With practice, parents begin to read their baby’s cues. “Preemies are easily overwhelmed,” says Brooks. “We teach parents to do one thing at a time.” While the instinct may be to cuddle, rock, and sing all at once, preemies can’t handle this much stimulation. Parents quickly learn that splayed fingers, an averted gaze, hiccups, and changes in skin color likely mean their baby has had too much.
For many parents, their child’s early birth was a bolt from the blue. Alameda resident Elaine Stiles, whose twins, Milo and Madeline, were born at 25 weeks and spent about four months in the NICU, had no risk factors other than carrying twins. (Other risks for premature birth include uterine or cervical abnormalities, diabetes, high blood pressure, infection, and substance abuse.) “It was all a shock, to say the least,” says Stiles, referring to her sudden transition from a healthy pregnant woman to a new mom whose life was turned upside down.
Parents grow accustomed to a daily roller coaster of ups and downs: babies taken on and off a ventilator; frightening episodes during which the baby’s heartbeat or oxygen level falls too low; the joy of weight gain or successful breastfeeding. Excitement or bright lights in a baby’s room generally signals trouble. “What you want most,” notes Elaine Stiles’s husband, Rob, on a blog the couple started to chronicle their twins’ early arrival, “is darkness and the boredom of slow, steady progress.”
In a room just down the hall from Owen’s, nurse Michelle Vitatoe-Clayton is helping her young charge, a baby girl born at 26 weeks, to achieve just this kind of progress. Vitatoe-Clayton, petite and dark-haired, opens the two small doors on the side of the isolette and gently turns the baby over. “She’s very full and wanted to be on her belly,” she explains, her voice soft. “Now that her sats [oxygen saturation levels] are higher, I’m going to come down on her oxygen.” It’s an “intricate dance,” says Brooks, between nurse and baby—in this case, Vitatoe-Clayton knows that by placing the infant in a more comfortable position, she can give her slightly less oxygen. The baby is barely visible; patches of caramel-colored skin peek out between her breathing mask, an IV containing nutritional fluids, and a bandage covering the incision from heart surgery. “They have a way of letting us know what they need,” says Vitatoe-Clayton, who has been a neonatal nurse for 19 years.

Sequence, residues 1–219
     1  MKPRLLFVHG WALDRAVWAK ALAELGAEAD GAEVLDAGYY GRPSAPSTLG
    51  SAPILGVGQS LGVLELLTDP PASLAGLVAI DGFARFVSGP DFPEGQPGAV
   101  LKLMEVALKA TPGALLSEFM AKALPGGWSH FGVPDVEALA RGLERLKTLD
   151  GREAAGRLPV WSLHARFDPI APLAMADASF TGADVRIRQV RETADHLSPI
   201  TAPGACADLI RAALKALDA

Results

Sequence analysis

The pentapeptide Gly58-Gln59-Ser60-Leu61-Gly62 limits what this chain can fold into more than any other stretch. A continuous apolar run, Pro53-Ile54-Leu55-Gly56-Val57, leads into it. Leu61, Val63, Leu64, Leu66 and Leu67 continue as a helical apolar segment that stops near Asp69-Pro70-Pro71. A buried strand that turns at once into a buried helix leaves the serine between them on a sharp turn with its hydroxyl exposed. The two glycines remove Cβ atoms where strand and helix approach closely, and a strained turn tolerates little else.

Age and birth weight are powerful factors in determining a preemie’s future health. According to the March of Dimes, babies born in the United States at 26 weeks gestation have about an 80 percent survival rate, a percentage that jumps to 96 percent for those born at 28 to 31 weeks. But time and medical know-how are on the preemie’s side. “Most of these babies are getting stronger as time passes,” says neonatal nurse Robert Lieber. He is caring for a baby girl weighing just 1.2 pounds, her head barely bigger than a tennis ball. Amidst the tubes, medical tape, and diaper that cover most of her 11-inch body, one leg, about as wide as a test tube, kicks with surprising force every few seconds. A high-frequency ventilator provides a constant, minimal flow of oxygen, and her chest flutters continually up and down.
“The preemie’s job,” says NICU manager Lindsley, “is to eat and grow.” She adds that getting breast milk, first through feeding tubes and then through breast and bottle feeding, is essential for preemies, “almost like medicine.” In the NICU, breastfeeding moms are supported by nurses, lactation specialists, a private room for pumping, and a weekly mother’s milk club. A freezer in the hallway is stocked with pumped milk in miniature bottles, and milk from the San Jose Breast Milk Bank is delivered for moms unable to breastfeed.
Among the numerous medical problems to which a preemie is prone (immature lungs, difficulty feeding, and fragile skin), one of the most terrifying to parents is a heart-duct defect that often requires surgery. Last July 3, the Stileses’ daughter, Madeline, became the first baby to have this type of heart surgery (known as PDA ligation) on-site in the NICU. Previously, babies were transported to Children’s Hospital for the procedure. Performing the surgery at Alta Bates Summit is a huge advantage for babies in the NICU because it eliminates the risks involved with transfer. Milo, Madeline’s twin, underwent the same surgery several weeks later.
Costs for this type of care are staggering—the term “million-dollar baby” is not an exaggeration for many preemies. Expenses are covered largely through private insurance payments, Medi-Cal, and foundations including the Alta Bates Summit Medical Center Foundation.
Madeline Stiles went home in early October, followed by her brother 12 days later. Since then, they’ve been healthy, but need to steer clear of crowds and other children. (Small portions of their lungs were damaged by ventilators, so until their lungs get larger, a cold or other respiratory infection could compromise their breathing.) Typical for preemies, the nine-month-old twins are developmentally at 5.5 months, the approximate age they’d be now if they’d gone to term. Through social workers at the NICU, the Stiles family has been connected to regional and county programs that will monitor the twins’ physical and cognitive development, looking carefully for cerebral palsy, learning disabilities, and vision loss, all potential risks for preemies.
After all she’s been through, Stiles is upbeat and grateful. “The miracles of medical science and nature came together for my children. Although we had the most abnormal beginning you can imagine, now we have a pretty normal life.”
Rachel Trachten is a freelance journalist and copy editor and a regular contributor to The Monthly.